People make a difference

The significant majority of the news is about what is not working in the world. What we focus on far too less is what is working well. People make the difference. People can overcome bad structure and even governments.

We see it first hand during disasters when people help those who have lost their homes and loved ones. But, it also happens everyday in the normal course of living.

We see it in helping homeless families climb a ladder out of poverty and into sustainable housing. We see it as someone delivers meals to shut-ins and speaks with them about their day.

We see it when people volunteer to read or tutor kids who are failing behind. Or, as my wife says just give them a soft place to land. This also helps the teacher who may not have the benefit of a teaching assistant.

We see it in the people who greet and speak with customer service people in stores or on the phone. We see it in the many donation drives for coats, school supplies or food. We see it in the countless volunteer coaches, choir leaders, scout leaders and school leaders.

We see it in people who listen to the point of view of others. A Black man said he was able to get KKK members to give up their robes and change their ways by listening first and then asking questions. Our friend Jill has written recently about the loss of civility. We need to follow these examples and practice it more.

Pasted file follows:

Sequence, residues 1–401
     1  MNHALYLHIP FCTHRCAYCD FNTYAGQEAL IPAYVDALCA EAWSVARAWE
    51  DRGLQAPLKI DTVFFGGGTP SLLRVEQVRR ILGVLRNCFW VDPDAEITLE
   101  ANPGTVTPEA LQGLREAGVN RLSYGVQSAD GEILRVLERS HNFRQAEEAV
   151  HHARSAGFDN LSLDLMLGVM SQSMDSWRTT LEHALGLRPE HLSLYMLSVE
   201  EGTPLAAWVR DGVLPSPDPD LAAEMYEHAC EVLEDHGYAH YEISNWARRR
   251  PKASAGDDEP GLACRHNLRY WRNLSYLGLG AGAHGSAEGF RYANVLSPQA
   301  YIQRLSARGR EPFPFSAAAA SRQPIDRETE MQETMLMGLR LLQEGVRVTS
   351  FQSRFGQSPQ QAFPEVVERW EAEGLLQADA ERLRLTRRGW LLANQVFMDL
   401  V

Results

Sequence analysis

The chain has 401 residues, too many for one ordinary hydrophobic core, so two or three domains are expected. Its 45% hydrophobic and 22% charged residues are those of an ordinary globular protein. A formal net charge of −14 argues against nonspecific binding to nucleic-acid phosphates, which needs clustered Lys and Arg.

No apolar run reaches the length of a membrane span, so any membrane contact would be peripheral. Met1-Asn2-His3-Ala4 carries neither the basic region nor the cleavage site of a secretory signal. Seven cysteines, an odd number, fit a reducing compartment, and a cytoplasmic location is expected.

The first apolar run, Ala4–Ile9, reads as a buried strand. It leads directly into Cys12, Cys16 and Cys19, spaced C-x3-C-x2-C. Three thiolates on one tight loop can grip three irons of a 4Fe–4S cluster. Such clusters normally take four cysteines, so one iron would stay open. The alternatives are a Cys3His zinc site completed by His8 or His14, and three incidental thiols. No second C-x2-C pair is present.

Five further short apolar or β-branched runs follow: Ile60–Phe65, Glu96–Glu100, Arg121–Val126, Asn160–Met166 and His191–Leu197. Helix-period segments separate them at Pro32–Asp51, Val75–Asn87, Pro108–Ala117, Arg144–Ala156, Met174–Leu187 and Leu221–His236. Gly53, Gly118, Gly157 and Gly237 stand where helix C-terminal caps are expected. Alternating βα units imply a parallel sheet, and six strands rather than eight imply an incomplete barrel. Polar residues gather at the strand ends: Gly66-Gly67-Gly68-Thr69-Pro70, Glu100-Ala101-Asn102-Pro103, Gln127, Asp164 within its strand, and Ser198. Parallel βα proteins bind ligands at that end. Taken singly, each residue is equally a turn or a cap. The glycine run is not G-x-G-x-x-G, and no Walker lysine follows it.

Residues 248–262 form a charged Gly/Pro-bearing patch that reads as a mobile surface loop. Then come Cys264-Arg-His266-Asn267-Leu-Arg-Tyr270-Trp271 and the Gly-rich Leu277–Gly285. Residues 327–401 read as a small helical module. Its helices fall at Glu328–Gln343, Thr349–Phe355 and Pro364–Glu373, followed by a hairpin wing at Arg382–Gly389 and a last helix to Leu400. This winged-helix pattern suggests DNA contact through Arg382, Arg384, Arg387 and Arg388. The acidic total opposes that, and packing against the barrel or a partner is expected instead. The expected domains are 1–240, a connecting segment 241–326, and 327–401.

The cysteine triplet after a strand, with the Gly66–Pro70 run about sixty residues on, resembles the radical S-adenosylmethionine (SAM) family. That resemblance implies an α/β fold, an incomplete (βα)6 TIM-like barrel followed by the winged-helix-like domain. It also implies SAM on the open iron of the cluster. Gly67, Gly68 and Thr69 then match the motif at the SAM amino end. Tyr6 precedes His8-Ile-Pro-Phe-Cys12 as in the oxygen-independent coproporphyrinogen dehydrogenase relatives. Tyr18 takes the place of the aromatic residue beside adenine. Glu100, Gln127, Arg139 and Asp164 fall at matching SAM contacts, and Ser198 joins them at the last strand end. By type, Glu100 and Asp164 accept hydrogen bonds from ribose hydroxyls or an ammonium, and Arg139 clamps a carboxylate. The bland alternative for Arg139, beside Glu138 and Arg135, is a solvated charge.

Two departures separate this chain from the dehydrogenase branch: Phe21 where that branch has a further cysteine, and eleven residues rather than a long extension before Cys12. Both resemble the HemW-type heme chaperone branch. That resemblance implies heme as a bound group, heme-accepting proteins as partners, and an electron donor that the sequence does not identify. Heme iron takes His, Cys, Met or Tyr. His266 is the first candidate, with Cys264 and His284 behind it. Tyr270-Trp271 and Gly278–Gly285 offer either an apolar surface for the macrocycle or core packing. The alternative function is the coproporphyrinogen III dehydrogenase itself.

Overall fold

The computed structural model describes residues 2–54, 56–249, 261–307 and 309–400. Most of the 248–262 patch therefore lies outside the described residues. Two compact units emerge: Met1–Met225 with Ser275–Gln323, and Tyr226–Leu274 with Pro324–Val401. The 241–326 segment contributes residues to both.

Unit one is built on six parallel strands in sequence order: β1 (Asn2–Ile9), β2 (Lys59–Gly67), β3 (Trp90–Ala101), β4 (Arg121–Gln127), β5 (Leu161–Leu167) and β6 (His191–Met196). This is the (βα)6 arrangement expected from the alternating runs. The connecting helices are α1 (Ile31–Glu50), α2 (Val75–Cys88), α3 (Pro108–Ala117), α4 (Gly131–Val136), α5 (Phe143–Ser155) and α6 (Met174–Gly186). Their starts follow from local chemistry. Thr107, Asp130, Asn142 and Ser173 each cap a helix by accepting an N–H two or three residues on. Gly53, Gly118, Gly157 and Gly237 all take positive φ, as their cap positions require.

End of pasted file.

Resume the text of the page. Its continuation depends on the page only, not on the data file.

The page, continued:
A famous person once said the only way to change the world is one person at a time. That has always been the case. So, let’s embrace civility and celebrate what is good about it. And, please remember, kindness is not a weakness.

26 thoughts on “People make a difference

  1. Note to Readers: The people who make the greatest difference everyday are those hard working and devoted mothers and fathers. An even greater shout out goes to single working parents, usually mothers, who have the hardest job in the world.

  2. Dear Keith,

    The timing of this post is perfect. Each and every one of us can make a difference for the better when we interact with others.

    I see people all the time with their heads down, refusing to even see others. But I see a lot of the others. I love sitting down with a book and a cup of tea at a cafe where I can people watch.

    We each make a difference and your post is a great reminder.

    Hugs, Gronda

    • Thanks Gronda. I could imagine you being very approachable even with your book. “What are you reading?” is a good conversation starter. Enjoy your time away. Keith

  3. Note to Readers: I have written before about looking for dots to connect. Just this morning, I was reminded that a woman who cut my few hairs had done so before. Her name is Olivia and I said we talked about Olivia Newton John that previous time. She had responded that she was named after her. This is a good example of starting a conversation around a name. Parents sometimes name their children after the stars or songs at that time. Aimee, Allison, Olivia, Adele, Viola, et al are probably tied to a singer or song depending the estimated age. Be wise not to shoot to high on the age, though.